The Creative Spark!—Tweaking Titles for Top Marks

When writing term papers, seek titles that sing, “Something catchy is coming.”  Then tweak those titles until your thumbs stiffen.

To craft catchy titles, first master the art of slogan-writing.  Mario Pricken, author of Creative Advertising, shares tips for crafting slogans in bold below:

Never snub creative ideas as the best ones need tweaking.

At work, I aimed to create a catchy slogan every day, some days up to five.  I’d churn out so-so jokes.  But then, I’d bounce my half-baked ideas off my boyfriend, who fine-tuned the funnies.  A few of his off-the-cuff funnies weren’t fully polished.  But with tweaking, they turned gold.

Jokes get funnier the more you dig.

I read in Joe Toplyn’s comedy book that his team made a TV spoof of an OJ Simpson trial.  During the trial, a lawyer awkwardly rubbed his hands.  So, the comedy team turned the hand-rubbing into a hand cream commercial.  But the real funny came later when they stumbled on a name for the cream: Oil of OJ.

Comedy tricks turn so-so funnies into solid gold.

So, stuff your jokes with words bearing the funniest letters of the alphabet (k, g, b, p, t, and d).  Use alliteration, consonance, and rhyme.  And tuck the punchline (and punchiest-word) at the very end of the joke.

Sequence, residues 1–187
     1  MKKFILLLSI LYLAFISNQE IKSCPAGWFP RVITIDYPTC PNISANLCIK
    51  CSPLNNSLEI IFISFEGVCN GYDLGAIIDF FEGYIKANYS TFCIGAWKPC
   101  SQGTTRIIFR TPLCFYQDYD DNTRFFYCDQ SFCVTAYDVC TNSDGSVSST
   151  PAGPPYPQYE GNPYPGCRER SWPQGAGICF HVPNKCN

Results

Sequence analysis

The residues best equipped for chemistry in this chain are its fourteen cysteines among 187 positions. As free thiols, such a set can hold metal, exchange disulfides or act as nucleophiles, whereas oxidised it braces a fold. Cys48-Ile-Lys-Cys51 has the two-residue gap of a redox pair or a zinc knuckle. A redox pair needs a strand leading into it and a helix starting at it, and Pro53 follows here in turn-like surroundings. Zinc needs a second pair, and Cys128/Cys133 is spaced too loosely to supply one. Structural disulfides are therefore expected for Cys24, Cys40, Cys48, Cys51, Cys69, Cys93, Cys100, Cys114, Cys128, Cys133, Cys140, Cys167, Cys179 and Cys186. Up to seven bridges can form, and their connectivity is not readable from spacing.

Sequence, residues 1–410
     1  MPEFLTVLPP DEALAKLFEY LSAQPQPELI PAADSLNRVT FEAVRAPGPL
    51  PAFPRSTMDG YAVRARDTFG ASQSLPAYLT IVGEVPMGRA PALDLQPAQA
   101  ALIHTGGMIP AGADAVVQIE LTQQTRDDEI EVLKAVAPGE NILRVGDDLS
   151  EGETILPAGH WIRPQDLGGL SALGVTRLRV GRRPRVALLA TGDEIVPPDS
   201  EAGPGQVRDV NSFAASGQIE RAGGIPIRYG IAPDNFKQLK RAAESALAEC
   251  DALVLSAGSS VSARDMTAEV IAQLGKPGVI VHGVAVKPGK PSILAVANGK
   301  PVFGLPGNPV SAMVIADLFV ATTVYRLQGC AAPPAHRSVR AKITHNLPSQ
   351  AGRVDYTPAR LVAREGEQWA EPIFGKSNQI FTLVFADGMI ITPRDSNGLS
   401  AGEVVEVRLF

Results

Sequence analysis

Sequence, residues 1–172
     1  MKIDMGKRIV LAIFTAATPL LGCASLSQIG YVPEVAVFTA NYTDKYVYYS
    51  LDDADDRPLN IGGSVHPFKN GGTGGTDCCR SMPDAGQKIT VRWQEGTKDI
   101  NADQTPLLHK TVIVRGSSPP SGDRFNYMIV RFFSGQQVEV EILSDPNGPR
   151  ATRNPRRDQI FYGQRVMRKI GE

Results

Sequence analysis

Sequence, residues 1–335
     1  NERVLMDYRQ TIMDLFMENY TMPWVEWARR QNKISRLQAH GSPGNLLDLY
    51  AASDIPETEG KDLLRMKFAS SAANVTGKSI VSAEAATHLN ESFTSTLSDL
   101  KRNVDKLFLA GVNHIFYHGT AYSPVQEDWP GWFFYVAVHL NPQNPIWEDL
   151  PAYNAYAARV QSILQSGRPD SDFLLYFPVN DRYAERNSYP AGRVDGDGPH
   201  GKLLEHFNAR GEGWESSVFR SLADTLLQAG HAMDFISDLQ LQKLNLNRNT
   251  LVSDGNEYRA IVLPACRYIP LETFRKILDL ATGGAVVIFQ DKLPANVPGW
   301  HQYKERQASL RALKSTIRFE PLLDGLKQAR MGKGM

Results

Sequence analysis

Use omission to fire up imaginations.

For instance, an ad I saw last week downtown made me think.  The ad said “women don’t care about the paper and scissors.”  What the ad left out was that women care about the rock.  Not just the diamond, but the rock-solid hubby.  The clever jewelry ad required thought—but also had double meaning.

Double meanings work wonders in slogans—and in jokes.

In the case of a joke, I told a wealthy employer that his wife’s soirees revealed his true friends.  When he asked why, I said his guests had to be true friends to stomach his wife’s steak tartar.  (Steak tartar is raw hamburger topped with raw eggs.)  At his next soiree, he told his guests my joke and then quipped, “And as you can tell, she’s not here today.”  The guests howled.  He told me he never heard such laughter.  His quip had more than one meaning:  Either I wasn’t a true friend, the miffed host didn’t send me an invite, or the tartar tasted terrible.  Multiple meanings work well in jokes.

Lastly, take risks with your jokes and slogans.

When we take risks, we break through clichés.  For instance, I aimed to make an ad that suggested pizza-carbs boost energy.  So, I came up with the slogan, “Forget coffee.  Forget blood-doping.  Forget amphetamines.”  My boss rejected the idea; “Too risky,” she said.  But in Mario Pricken’s book, he features an ad of a toilet roll aflame in an Indian restaurant washroom.  The flaming toilet-paper pegged the restaurant as serving the spiciest food.  Risky?  Enough to feature in Creative Advertising.

Now, help me brainstorm a title that sings, “Something catchy is coming.”

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